PS (29,30), were centrifuged on parallel gradients and assayed
simultaneously. The results are shown in the bottom graphs.
KOOPMAN ET AL
1224
Table 3. Comparison of rheumatoid factor (RF) production by dissociated synovial cells and
simultaneously obtained peripheral blood mononuclear cell (PBMC) cultures*
~~
Source
IgM-RF
(&lo6
cells)
IgM
(ng/106 cells)
14 2 14
276
PBMC
(n = 20)
Synovial cells 940 2 1,827 3,079
(n = 20)
IgM-RF:IgM
?
656
0.14
2
6,962 0.40 2 0.27t
5
O.llt
IgA-RF
(ng/lOh
cells)
626
129 2 235
IgA
(ng/iO"
cells)
* 329
947 * 2,076
298
IgA-RF:IgA
0.04 2 0.06$
0.19
* 0.14$
* Values are mean
tP
2 SD.
by Wilcoxon signed rank test.
0.005 by Wilcoxon signed rank test.
= 0.002
$P =
immunoassay results obtained for the 9 specimens, as
only the 6 samples with IgA-RF-containing plasma
cells secreted detectable IgA-RF.
For each of the 5 synovial samples examined
with monoclonal anti-IgA subclass antibodies, IgAl
represented the predominant subclass of plasma cells
containing IgA-RF (Table 2). That IgAl was indeed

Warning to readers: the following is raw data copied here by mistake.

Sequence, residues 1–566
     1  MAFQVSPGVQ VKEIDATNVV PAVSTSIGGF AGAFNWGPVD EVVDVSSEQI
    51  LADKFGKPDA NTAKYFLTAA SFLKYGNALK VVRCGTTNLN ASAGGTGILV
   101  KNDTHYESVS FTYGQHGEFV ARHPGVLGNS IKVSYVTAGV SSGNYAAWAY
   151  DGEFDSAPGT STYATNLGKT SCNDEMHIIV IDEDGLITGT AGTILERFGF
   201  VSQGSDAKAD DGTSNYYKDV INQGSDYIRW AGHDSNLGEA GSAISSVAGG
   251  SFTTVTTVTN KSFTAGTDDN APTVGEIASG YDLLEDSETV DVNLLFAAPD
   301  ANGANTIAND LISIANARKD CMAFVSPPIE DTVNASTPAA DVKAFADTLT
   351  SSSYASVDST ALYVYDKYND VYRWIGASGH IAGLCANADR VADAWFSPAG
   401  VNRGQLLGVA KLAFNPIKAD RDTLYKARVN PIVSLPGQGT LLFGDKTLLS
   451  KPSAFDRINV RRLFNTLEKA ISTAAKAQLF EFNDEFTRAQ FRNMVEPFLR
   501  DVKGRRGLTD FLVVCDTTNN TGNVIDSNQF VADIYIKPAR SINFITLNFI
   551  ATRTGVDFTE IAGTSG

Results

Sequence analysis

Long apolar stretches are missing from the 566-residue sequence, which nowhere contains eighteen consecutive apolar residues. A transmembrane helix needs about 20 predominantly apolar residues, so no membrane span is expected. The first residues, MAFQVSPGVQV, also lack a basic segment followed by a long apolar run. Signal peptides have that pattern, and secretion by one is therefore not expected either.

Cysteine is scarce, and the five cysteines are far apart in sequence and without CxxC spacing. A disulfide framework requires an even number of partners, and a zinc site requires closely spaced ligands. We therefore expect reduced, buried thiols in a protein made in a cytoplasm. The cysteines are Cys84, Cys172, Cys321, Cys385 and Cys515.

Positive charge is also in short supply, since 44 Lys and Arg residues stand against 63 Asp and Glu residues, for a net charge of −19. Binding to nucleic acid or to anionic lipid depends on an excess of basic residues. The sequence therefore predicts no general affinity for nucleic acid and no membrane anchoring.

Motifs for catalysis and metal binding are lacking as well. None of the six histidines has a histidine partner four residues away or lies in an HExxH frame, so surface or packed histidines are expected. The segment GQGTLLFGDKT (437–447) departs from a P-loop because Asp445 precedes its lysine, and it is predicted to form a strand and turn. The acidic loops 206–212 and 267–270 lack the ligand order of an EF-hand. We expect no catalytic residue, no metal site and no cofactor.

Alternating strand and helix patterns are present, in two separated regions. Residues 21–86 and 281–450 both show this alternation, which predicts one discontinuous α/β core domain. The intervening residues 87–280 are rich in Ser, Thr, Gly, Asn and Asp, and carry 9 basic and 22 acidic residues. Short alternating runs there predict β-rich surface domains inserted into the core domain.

the predominant subclass of IgA-RF secreted by
synovial cells was verified by RIA of selected synovial
cell culture supernatants. As shown in Figure 3 , IgAlR F accounted for 84 t 20% of the total IgA-RF
synthesized by the synovial cell preparations tested.
In view of evidence that IgA-RF can exist in
both polymeric and monomeric forms (32), it was of
interest to determine the size characteristics of IgAR F secreted by synovial plasma cells. Synovial cell
culture supernatants from 2 patients were concentrated by ultrafiltration, fractionated by sucrose density ultracentrifugation at acid pH, and fractions were
assayed for polymeric and monomeric IgA-RF. As
shown in Figure 4, monomeric and polymeric forms of
IgA-RF were detected in both synovial cell culture
supernatants.
Comparison between patterns of RF production
by dissociated synovial cells and paired PBMC cultures.
In order to define the relationship between IgA-RF and
IgM-RF synthesis by dissociated synovial cells and
PBMC, we obtained paired samples of synovium and
peripheral blood from 20 patients. The resulting cell
preparations were cultured under identical conditions,
and the culture supernatants were then assayed simultaneously for R F and immunoglobulin content. Levels
of spontaneous IgM, IgA, IgA-RF, and IgM-RF production by rheumatoid synovial cells exceeded that
observed in paired PBMC cultures (Table 3 ) . Moreover, both IgA-RF and IgM-RF represented a substantially greater fraction of total IgA and IgM synthesized
in the synovium than in paired PBMC cultures, indicating preferential expression of these 2 R F isotypes
by synovial plasma cells. Indeed, production of IgAR F (and of IgM-RF) was frequently observed in dissociated synovial cell cultures in the absence of detectable levels of spontaneous R F production by